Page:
Experian's latest State of Credit report paints a familiar yet disjointed picture of credit health in the U.S.
Consumers in some regions seem to have come out on the other side of the recession like champs (we’re looking at you, Midwesterners), while pretty much the entire Southern half of the country is following at a limp.
Experian broke down the data* to rank the largest 11 U.S. metros by credit score, and they seem to follow a similar pattern. Boston topped the list with an average score of 705, followed by runner-up San Francisco and fellow Northern metros New York City and Chicago. Falling farthest behind was Miami, with an average score of 628, followed by Dallas and Houston with averages of 665 and 666, respectively.
Obviously, your credit score is just one indicator of your overall financial health. It doesn’t reflect how much money you have in the bank, but it gives lenders a picture of how creditworthy you are.
What exactly do the folks in Boston have that people in Miami don’t?
Unfortunately, credit reports only tell us how consumers use credit, not why, which is essential if we want to understand why some regions fare better than others. But we can make a few educated guesses.
For starters, the recession didn’t hit every state with equal force, and states like Florida, California, Nevada and Arizona were pummeled by a tidal wave of foreclosures after the housing bubble burst. Location also makes a difference in how families manage their debt when they’re financially squeezed. A household in Miami earning the median income of $43,900 a year might have more trouble dealing with debt than the same family in Boston, where the median household income is more than 18% higher at $52,000. In San Francisco, which has the second-highest credit score among large metros after Boston, the median household income is $72,000.
Miami’s unemployment rate is still relatively high as well, at 7.3% compared to Boston’s 6.2%.
The age factor
The age of the general population in an area can certainly skew credit scores as well. Regions with a greater number of young and new immigrant populations tend to see lower overall credit health, and the South and Southwest boast some of the youngest populations in the country.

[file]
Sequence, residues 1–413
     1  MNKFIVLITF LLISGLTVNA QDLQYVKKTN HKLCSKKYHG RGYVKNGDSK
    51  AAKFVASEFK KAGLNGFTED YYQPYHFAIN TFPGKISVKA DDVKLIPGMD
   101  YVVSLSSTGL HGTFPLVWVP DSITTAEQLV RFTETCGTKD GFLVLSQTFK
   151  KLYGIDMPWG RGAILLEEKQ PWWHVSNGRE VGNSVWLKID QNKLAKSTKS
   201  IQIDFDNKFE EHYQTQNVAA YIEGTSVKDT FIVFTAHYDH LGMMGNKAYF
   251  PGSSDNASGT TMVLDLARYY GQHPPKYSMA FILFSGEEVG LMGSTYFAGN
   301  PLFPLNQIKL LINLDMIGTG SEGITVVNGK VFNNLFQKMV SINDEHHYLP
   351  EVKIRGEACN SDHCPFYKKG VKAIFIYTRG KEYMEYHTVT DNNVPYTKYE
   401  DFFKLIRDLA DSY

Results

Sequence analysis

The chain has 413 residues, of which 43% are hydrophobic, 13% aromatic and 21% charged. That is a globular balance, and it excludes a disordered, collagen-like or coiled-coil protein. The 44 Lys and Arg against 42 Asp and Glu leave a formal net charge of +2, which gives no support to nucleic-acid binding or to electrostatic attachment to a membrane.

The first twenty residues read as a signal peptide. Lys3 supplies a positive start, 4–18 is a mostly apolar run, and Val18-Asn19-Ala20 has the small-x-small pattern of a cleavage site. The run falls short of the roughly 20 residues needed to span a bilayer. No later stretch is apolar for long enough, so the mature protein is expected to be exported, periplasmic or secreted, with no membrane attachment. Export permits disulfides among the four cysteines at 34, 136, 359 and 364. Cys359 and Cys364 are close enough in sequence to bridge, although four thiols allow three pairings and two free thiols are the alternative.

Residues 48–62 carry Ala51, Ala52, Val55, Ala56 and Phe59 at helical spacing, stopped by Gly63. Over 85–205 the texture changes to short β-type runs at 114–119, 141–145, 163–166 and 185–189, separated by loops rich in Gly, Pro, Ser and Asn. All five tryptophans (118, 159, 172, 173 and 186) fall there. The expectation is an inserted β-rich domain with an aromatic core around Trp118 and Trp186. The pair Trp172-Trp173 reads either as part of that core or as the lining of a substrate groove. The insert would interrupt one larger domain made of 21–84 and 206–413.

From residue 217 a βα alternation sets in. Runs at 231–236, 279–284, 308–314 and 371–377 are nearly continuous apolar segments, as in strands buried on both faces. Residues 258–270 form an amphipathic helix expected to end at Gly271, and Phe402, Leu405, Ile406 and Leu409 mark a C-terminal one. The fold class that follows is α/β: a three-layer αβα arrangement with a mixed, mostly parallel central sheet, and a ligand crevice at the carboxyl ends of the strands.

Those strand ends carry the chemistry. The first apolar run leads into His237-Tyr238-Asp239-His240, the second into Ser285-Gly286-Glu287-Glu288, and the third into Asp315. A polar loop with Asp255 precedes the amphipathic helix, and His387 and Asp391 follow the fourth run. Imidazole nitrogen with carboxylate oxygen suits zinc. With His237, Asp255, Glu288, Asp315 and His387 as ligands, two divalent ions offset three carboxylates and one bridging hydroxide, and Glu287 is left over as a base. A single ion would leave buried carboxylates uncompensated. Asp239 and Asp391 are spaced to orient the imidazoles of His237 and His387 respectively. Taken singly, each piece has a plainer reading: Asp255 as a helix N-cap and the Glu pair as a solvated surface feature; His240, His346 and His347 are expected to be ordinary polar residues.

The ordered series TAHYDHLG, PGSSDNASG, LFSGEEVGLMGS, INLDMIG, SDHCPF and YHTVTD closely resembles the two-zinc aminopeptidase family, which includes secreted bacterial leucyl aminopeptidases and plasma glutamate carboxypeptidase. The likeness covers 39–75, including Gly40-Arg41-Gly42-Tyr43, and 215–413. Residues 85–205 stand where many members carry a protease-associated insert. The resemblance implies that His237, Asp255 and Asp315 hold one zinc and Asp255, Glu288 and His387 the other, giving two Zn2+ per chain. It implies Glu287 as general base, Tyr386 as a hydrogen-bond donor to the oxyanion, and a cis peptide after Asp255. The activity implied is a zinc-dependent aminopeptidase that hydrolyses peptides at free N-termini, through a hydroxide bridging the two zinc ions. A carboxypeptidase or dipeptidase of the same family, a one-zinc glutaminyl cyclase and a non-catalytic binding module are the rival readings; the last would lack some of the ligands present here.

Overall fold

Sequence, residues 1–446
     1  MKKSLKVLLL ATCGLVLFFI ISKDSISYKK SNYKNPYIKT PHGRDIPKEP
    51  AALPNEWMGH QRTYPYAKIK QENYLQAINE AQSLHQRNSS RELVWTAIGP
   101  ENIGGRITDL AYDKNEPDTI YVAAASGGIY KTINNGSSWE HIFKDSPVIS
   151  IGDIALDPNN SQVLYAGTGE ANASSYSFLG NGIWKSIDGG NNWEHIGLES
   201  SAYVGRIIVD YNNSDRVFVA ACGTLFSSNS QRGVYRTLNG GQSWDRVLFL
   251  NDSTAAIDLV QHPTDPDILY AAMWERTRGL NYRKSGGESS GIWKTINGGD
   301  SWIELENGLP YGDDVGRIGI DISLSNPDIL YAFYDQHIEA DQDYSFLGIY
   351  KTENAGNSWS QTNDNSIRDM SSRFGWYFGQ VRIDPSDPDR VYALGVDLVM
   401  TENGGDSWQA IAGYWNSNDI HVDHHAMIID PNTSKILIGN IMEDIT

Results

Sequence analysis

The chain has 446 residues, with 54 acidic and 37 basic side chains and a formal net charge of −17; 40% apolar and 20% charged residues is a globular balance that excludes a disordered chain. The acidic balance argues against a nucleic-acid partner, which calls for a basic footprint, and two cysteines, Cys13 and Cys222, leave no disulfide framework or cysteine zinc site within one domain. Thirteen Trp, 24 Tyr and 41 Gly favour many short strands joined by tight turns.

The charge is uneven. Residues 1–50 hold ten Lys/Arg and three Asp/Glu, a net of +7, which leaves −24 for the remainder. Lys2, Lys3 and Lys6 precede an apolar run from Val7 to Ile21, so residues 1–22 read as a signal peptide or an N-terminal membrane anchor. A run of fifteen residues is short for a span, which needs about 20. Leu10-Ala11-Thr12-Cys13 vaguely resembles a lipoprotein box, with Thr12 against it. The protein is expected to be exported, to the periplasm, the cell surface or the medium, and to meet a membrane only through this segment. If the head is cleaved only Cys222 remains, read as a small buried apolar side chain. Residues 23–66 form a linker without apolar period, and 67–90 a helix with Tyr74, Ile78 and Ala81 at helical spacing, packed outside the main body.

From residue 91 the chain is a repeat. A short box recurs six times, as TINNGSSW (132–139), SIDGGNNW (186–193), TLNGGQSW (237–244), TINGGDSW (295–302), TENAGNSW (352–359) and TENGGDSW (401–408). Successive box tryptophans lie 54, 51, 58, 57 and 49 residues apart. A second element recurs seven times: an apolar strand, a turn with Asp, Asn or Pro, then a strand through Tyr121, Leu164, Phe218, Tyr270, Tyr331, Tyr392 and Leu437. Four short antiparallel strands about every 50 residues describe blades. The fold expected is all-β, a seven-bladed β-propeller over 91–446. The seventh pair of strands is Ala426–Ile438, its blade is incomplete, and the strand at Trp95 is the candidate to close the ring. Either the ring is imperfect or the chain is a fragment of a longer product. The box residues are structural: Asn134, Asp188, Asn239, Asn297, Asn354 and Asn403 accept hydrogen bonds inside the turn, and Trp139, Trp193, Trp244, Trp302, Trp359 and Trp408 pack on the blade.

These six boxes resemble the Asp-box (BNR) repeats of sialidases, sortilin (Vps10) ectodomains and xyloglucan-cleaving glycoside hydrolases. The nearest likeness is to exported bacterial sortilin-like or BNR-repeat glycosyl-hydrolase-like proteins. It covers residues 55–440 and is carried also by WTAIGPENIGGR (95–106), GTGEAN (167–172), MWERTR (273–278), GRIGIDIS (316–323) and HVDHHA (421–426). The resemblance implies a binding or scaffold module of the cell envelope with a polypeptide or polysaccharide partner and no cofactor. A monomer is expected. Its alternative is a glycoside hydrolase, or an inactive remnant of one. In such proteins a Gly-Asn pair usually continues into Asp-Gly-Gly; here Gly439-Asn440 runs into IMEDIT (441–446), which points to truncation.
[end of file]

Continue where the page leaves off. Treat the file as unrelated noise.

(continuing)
Sometimes, age makes all the difference. Although baby boomers carry nearly $30,000 worth of debt and hold an average of three credit cards, they boast a pretty high credit score of 700. Millennials, on the other hand, carry about $23,000 in debt on average across only 1.5 cards and still have the lowest credit score of all age groups at 628.
“Millennials have the lowest scores [because] they have very few credit cards,” says Maxine Sweet, vice president of public education for Experian. “And while they have lower overall credit debt, that’s not really a good indicator [of credit health]. You can have high debt and a good score because you have a lot of credit cards and low utilization rates.”
Credit utilization — how much you’ve charged on your card vs. your actual limit — is one of many factors that go into formulating a credit score. The higher it is, the lower your score will be. When you have only one or two cards to rely on, like millennials, you can wind up with a higher utilization rate per card than someone who carries three or more. At 37%, millennials’ average utilization rate is nearly four times higher than experts recommend and 7% higher than boomers, according to Experian.
Apart from simply having fewer cards to spread their debt around, millennials (who are between ages 21 and 33) don’t get the benefit of having a lengthy credit history on their file either. Ditto for new immigrants, who are just beginning to build their credit file in the U.S.
“For millennials, showing you can use credit cards is one of the most important ways to build credit,” Sweet says. “I worry that millennials are suffering for the sins of their parents. Many of their parents may have messed up at some point in their life so they are warning millennials away from credit. But every adult needs to establish credit.”
*Experian calculated credit scores for this study using the VantageScore 3.0 model, a revamped version of the original VantageScore, which is a generic credit scoring model that has been around since 2006. VantageScore 3.0 was launched as a joint effort by the three major credit reporting agencies (Experian, TransUnion and Equifax). The biggest difference in the new score is that it's the only credit score that doesn't track debt collection accounts after they have been paid in full and it uses the same 300-850 point scale as FICO.
Have a credit story to tell? E-mail Mandi Woodruff at firstname.lastname@example.org.